Assessing computer literacy of adults with low literacy skills
Adaptive learning technologies hold great promise for improving the reading skills of adults with low literacy, but adults with low literacy skills typically have low computer literacy skills. In order to determine whether adults with low literacy skills would be able to use an intelligent tutoring system for reading comprehension, we adapted a 44 task computer literacy assessment and delivered it to 114 adults with reading skills between 3rd and 8th grade levels. This paper presents four analyses on these data. First, we report the pass/fail data natively exported by the assessment for particular computer-based tasks. Second, we undertook a GOMS analysis of each computer-based task, to predict the task completion time for a skilled user, and found that it negatively correlated with proportion correct for each item, r(42) = −.4, p = .01. Third, we used the GOMS task decomposition to develop a Q-matrix of component computer skills for each task, and using logistic mixed effects models on this matrix identified five component skills highly predictive of the success or failure of an individual on a computer task: function keys, typing, using icons, right clicking, and mouse dragging. And finally, we assessed the predictive value of all component skills using logistic lasso.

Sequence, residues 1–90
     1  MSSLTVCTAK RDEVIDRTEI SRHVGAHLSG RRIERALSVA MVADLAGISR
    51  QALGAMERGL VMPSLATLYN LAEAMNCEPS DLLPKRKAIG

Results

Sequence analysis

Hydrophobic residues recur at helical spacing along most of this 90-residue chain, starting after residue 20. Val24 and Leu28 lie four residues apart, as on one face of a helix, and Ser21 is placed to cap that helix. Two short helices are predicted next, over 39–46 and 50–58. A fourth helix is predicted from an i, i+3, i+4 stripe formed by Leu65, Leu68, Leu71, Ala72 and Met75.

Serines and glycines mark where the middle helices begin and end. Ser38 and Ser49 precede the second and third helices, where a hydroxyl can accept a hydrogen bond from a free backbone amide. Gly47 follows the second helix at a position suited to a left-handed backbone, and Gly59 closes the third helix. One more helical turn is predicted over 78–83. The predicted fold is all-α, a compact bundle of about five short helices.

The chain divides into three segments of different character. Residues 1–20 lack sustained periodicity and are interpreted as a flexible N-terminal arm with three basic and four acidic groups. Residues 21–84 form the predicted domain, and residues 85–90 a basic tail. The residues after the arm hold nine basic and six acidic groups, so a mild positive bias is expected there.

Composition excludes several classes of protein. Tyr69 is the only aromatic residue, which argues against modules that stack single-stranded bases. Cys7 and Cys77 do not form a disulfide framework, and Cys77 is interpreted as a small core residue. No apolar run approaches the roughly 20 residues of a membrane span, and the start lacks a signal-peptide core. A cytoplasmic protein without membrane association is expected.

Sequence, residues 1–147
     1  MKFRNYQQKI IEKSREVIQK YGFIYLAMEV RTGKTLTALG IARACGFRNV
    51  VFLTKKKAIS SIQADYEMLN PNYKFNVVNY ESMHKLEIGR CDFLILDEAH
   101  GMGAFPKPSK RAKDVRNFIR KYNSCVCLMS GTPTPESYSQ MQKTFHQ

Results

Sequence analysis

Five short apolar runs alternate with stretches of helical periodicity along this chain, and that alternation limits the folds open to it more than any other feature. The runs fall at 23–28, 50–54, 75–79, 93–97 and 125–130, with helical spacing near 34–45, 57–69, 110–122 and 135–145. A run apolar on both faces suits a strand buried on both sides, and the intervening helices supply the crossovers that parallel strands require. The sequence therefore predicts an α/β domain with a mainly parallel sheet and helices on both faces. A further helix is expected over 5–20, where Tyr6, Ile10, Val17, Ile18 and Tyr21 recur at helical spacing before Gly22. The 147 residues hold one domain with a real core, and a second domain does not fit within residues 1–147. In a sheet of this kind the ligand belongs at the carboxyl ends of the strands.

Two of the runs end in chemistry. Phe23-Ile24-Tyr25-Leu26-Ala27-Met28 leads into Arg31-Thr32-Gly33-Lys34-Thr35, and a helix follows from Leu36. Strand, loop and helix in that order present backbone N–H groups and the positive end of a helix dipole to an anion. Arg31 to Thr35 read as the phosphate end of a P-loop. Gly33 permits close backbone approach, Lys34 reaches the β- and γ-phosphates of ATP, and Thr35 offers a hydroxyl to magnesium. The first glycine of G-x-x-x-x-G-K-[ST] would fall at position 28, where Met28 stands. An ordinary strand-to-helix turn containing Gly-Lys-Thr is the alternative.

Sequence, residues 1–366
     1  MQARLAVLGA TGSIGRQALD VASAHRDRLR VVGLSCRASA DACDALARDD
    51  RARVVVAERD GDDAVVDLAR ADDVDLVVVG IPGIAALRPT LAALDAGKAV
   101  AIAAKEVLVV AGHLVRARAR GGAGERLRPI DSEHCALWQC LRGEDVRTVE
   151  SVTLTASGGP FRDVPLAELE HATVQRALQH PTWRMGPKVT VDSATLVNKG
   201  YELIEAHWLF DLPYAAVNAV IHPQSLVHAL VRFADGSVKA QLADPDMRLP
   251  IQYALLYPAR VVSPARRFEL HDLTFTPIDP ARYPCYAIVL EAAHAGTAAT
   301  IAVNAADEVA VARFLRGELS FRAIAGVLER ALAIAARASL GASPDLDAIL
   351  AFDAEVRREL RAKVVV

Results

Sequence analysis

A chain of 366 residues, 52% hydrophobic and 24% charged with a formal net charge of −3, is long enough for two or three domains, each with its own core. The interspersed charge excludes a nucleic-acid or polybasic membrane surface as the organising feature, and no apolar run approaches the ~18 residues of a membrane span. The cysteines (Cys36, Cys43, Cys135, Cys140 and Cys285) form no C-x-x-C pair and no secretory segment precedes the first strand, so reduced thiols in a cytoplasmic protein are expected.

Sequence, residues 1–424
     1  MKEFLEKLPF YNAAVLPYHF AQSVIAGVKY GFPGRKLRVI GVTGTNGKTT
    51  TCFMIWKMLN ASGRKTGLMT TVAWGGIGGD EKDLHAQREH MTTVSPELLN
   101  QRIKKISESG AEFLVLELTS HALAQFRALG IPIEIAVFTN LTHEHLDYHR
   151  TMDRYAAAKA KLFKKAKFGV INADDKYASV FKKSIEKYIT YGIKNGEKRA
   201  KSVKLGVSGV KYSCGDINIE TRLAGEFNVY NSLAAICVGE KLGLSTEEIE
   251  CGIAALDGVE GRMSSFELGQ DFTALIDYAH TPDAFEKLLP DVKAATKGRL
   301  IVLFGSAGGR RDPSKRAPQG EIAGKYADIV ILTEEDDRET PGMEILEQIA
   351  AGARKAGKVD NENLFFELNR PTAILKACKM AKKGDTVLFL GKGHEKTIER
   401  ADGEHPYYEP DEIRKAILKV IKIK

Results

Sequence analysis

Proceedings of the 10th International Conference on Educational Data Mining, EDM 2017
Olney, A., Bakhtiari, D., Greenberg, D., & Graesser, A. (2017). Assessing computer literacy of adults with low literacy skills. Proceedings of the 10th International Conference on Educational Data Mining, EDM 2017, 128-134. Retrieved from https://digitalcommons.memphis.edu/facpubs/7416